Pressing and holding the top switch for 3 seconds wakes or sleeps the Orp. In sleep mode tapping the light button or brushing against the horn tail has no effect. You want to have the Orp asleep when you take it off for charging. You pretty much can't undo the strap without triggering the Orp's horn if it is awake, a feature that I realized is a good theft deterrent. The casual would-be Orp thief will be quite surprised when the light he's attempting to steal yells for help!

As a light, the Orp's beams are diffuse and eye-catching but this is much more a "be-seen" than a "see-by" light. In a city environment at scooter speeds I find it is all the light I need but the Orp is not a light for long rambles on dark country roads. According to the Orp documentation here's what to expect in terms of run time per charge:

Slow Strobe -- 15 hours
Fast Strobe   -- 8 hours
Constant On -- 3 hours
Anti-Dooring Mode -- 4 hours

I'll explain the anti-dooring mode in a minute, but first, let's talk about the horn functions. The Orp has two voices, a 76 dB tone designed to be a friendly "hey!" and a more hostile 96 dB "get the hell out of the way" tone. You can go to

http://www.orpland.com/

and hear samples of both sounds.

And this brings me to my main problem with the Orp. Both sounds are obnoxious. I find even the friendly sound too grating to use. These sounds are great for grabbing attention, which is their intended purpose, but I can't be the guy blasting pedestrians out of my way with a "Hey, I'm scooting here!" And I do find the Orp too in-your-face for my tastes.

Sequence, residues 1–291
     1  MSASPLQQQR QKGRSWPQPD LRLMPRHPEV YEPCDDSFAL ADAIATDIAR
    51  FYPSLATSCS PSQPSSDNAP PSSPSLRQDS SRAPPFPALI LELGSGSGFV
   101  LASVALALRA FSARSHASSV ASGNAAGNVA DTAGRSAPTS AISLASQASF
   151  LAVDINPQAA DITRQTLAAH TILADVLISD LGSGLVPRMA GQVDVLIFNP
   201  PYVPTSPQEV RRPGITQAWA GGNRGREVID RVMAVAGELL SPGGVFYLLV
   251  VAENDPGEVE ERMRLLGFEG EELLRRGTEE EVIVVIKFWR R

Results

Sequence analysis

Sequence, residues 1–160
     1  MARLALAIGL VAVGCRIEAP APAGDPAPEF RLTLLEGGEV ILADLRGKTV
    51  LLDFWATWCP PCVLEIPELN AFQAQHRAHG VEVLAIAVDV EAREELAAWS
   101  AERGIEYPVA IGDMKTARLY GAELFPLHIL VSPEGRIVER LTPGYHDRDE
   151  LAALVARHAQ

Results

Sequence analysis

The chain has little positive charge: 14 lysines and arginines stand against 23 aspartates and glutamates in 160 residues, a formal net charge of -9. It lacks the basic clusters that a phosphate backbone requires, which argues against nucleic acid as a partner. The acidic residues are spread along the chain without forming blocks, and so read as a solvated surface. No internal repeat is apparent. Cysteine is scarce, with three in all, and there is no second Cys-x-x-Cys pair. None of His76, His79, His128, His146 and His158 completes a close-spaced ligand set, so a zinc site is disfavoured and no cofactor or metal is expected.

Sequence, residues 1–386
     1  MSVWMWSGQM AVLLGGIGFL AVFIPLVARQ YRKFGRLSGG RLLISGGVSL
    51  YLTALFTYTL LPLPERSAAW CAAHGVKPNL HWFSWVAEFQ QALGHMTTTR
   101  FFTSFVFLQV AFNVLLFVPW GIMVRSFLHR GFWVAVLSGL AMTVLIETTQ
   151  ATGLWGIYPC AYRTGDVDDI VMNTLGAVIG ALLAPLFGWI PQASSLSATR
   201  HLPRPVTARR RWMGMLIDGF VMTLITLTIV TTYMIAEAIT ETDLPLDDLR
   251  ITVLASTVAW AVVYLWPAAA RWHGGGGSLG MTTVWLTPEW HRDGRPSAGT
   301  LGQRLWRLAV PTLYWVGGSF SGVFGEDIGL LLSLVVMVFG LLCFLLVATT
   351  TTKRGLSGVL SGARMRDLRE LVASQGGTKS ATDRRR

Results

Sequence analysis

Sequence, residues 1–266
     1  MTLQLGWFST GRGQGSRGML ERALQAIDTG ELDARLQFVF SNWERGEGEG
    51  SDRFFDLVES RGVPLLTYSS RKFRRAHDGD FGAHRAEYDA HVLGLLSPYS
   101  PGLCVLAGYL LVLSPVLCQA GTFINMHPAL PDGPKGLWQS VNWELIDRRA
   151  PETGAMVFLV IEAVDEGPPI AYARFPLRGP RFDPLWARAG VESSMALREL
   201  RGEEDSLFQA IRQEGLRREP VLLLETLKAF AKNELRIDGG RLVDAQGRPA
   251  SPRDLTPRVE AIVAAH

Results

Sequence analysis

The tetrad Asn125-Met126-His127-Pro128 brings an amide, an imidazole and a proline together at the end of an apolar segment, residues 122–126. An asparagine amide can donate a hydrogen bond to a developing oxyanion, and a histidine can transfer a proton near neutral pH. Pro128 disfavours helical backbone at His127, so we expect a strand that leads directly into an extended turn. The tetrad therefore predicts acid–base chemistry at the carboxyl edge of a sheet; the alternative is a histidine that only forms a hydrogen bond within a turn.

But the Orp is perfectly designed to grab attention. Even if you don't have the lights flashing, triggering the horn (either tone) flashes the lights. That's smart. The tone makes folks look, the lights makes them see. The anti-dooring mode mentioned earlier combines the flashing light with the 96 dB sound in a constant display of obnoxiousness. You probably will not get doored if you use the Orp in this manner. You may, however, get shot.

The Orp is a beautifully integrated light and horn combination. As a be seen bike or scooter light, it's great. And the obnoxiousness of the horn may be a virtue. In extreme situations, like an oblivious dude in a BMW cutting across my lane, I won't hesitate to use it.  Loud and bright is what's needed there. In an ideal world, we'd move swift and silent through our days and nights. The Orp has a loud, obnoxious voice that's hard to ignore. It is a voice for times of danger. I hope such times are rare. 


Sunday, August 03, 2014

The Road To Wellville: Bicycle Smile

The Road to Wellville is a terrific novel by T. C. Boyle. The book is fiction set in the John Harvey Kellogg's  1907 Battle Creek spa and it's a marvellous comedy examining our obsession with health, vigour and right living. The book was made into a movie in 1997 and while the movie has a first-rate cast (Anthony Hopkins plays Dr. Kellogg), the movie cuts, changes and dilutes the book. I enjoyed the book about ten times more than I did the movie.

While the book obsesses on food, the movie places a greater obsession on sex. This, of course, is not surprising. I guess the producers figured sex scenes are more interesting than food scenes. And what does this have to do with bicycles? Well, John Harvey Kellogg was a proponent of bicycles and there are some great cycling scenes in the movie. This particular (safe for work) one minute clip is something I don't recall from the book, but it is one of my favorite bits from the movie.

video

The whole movie can be found free on YouTube and it's probably worth a couple hours of your time. But I got a good solid week of pleasure from reading the novel and I'd say it's well worth seeking out at your local bookstore or Amazon.


Keep 'em rolling,
Kent "Mountain Turtle" Peterson
Issaquah, WA USA